Risk & Compliance

FASB Holds Fast on Options

Amid a torrent of criticism, FASB plowing ahead with rules for stock option expensing. Plus: plumbers needed at SEC.
Craig SchneiderMay 12, 2003

It’s likely going to take a lot more than a roundtable discussion of lawmakers, executives and accounting rulemakers, to reverse an interim decision that requires companies to treat stock options as an expense.

Certainly, the Financial Accounting Standards Board showed no signs of making a regulatory U-turn last Wednesday when it continued deliberations on stock-based compensation. This time, FASB addressed the specific area of attribution for stock options. The board, which already decided that companies should value stock options at the grant date, agreed to allow employers to adjust stock option expenses for estimated forfeitures.

Sheryl Thompson, a FASB spokeswoman, says the decision (which allows companies to book a lower stock options expense based on estimates of employee turnover) is consistent with what the FASB previously stated in Statement 123. “If an employee is leaving prior to vesting or performance targets are not met if the options are conditional, you would reverse out the expense at the vesting date, in essence because your cost is zero,” she explains. “At vesting, you provide any truing up that needs to be made, plus or minus.”

Meanwhile, FASB came under fire again last week at a Washington, D.C. roundtable, “Preserving Partnership Capitalism Through Stock Options for America’s Workforce.” At the meeting, lawmakers and executives protested the board’s decision to require companies to expense stock options, citing the often-heard complaints about deficient valuation methods and likely cuts to broad-based stock option plans, among other issues.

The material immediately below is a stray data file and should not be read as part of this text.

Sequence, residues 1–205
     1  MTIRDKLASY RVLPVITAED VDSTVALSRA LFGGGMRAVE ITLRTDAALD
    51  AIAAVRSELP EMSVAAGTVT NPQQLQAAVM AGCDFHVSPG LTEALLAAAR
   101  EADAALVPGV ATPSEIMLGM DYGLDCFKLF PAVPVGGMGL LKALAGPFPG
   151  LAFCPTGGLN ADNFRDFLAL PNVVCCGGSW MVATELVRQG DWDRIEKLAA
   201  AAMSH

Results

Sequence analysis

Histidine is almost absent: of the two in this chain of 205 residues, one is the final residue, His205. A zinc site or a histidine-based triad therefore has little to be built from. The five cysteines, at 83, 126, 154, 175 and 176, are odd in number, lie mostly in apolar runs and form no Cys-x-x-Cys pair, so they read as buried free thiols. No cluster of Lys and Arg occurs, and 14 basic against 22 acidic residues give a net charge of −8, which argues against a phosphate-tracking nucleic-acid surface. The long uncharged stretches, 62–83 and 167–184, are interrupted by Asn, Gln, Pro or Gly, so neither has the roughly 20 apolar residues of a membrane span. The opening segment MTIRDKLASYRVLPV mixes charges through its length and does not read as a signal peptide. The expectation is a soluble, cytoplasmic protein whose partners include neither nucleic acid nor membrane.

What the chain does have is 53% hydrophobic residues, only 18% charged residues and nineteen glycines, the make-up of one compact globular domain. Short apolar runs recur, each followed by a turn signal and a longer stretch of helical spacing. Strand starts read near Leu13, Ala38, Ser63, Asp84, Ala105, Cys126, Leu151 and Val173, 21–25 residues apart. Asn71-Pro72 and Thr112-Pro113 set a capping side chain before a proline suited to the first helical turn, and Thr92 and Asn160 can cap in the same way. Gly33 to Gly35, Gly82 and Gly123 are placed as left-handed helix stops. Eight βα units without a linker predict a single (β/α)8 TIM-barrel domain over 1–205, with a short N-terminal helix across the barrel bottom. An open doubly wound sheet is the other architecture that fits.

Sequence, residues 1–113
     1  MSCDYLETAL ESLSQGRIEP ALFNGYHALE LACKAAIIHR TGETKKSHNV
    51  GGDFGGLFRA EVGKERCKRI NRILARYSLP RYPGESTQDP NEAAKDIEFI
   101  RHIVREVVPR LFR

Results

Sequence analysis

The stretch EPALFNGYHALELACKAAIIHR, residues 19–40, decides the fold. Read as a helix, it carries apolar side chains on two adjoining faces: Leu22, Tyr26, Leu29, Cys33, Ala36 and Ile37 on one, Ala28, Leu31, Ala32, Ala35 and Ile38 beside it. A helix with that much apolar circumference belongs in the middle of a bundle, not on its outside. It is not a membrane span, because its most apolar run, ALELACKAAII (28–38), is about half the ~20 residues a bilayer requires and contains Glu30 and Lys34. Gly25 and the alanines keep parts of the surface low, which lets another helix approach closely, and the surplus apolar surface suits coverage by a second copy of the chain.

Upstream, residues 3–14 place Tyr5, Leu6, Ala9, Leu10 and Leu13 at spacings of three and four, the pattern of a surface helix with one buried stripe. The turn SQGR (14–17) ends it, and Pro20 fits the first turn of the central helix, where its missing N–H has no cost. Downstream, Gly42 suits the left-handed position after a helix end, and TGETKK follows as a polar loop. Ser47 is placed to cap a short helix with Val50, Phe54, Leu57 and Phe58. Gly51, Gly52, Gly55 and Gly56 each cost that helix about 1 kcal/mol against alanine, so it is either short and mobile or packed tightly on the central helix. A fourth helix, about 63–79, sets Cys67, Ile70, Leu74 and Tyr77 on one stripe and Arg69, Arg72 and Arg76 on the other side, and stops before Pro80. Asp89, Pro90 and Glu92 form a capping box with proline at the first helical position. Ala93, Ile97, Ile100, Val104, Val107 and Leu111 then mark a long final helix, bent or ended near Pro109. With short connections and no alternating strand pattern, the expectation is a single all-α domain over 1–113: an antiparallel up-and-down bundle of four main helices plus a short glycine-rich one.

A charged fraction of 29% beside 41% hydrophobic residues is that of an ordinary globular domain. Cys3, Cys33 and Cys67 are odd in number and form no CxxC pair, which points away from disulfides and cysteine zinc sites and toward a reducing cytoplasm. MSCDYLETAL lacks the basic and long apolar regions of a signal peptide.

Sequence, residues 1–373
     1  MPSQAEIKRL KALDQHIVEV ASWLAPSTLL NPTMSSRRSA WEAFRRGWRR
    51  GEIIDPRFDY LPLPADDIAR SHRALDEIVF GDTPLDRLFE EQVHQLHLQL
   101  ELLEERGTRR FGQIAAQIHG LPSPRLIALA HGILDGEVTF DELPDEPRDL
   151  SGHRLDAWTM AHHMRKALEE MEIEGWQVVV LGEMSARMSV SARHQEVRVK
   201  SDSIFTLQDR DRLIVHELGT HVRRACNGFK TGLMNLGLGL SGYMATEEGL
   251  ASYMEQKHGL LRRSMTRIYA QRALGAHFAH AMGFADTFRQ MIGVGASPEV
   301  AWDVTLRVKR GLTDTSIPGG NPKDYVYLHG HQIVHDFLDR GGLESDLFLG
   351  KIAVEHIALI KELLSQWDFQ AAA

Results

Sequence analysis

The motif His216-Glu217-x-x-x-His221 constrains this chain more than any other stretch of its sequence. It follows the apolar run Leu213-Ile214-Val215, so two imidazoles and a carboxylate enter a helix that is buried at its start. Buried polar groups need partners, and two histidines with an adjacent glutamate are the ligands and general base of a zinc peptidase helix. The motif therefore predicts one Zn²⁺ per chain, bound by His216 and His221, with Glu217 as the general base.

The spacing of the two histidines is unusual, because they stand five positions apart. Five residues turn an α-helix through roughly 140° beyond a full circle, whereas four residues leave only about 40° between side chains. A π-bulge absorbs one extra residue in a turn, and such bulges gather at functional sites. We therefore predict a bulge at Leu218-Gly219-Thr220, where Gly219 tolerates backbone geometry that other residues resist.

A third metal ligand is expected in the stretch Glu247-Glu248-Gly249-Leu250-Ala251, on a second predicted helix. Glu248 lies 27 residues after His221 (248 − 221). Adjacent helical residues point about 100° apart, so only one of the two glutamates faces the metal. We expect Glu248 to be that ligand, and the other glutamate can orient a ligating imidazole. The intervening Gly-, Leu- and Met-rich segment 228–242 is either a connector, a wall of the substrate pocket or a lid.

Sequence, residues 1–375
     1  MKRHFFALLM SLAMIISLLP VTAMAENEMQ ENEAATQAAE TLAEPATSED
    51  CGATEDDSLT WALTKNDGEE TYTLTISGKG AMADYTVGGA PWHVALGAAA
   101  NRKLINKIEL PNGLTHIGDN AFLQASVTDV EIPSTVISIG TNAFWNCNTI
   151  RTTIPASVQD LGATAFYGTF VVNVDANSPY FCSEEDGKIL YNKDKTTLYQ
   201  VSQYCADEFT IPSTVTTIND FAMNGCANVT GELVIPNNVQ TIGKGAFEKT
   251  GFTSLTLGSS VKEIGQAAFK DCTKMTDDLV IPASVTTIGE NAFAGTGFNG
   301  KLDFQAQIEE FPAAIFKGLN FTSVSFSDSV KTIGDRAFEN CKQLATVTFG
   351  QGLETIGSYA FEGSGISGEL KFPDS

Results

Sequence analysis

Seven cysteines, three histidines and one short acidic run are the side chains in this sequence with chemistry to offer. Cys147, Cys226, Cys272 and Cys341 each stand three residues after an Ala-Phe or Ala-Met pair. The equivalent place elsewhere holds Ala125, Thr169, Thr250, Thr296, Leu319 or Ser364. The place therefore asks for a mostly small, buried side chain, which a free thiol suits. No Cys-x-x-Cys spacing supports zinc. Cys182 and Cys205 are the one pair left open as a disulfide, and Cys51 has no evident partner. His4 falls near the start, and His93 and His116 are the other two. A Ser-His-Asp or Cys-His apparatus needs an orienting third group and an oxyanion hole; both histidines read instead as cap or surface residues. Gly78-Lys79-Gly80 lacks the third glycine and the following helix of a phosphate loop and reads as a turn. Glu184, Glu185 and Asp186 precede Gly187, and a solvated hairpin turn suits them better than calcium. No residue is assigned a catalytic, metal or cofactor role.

Consider the comments of Michael Enzi (R-Wyoming), the lawmaker responsible for putting together the “brain trust” of business leaders at the meeting: “My colleagues are concerned that FASB has jumped from ‘whether to expense’ to ‘how to expense’,” he said, according to a Financial Times account of the event. “I am disappointed in the appearance that everything has been decided already.”

Enzi didn’t help his case, however, when he later issued a press release that referred to FASB as the “Federal Accounting Standards Board.” Enzi, an accountant, chairs the Senate Banking Subcommittee on Securities.

In last week’s RegWatch column, Michael Crooch, a FASB board member, noted that the stock options project is still in the early stages of deliberations. FASB Chairman Robert Herz reiterated that point at the roundtable: “I have strong views personally, but we are a seven member board and have just started the process,” Herz noted, according to the FT story. “You never know [what we will decide] until we go through every step.”

Deliberations over stock-based compensation are scheduled to continue on June 4. FASB has been reexamining accounting for stock options in the wake of several high profile accounting scandals where corporations used stock options to avoid paying U.S. taxes while overstating earnings. The board is also looking to provide new rules that converge with international accounting standards. FASB will also address the general disenchantment with today’s employee stock option valuation methods (likely in late June/early July, according to Thompson).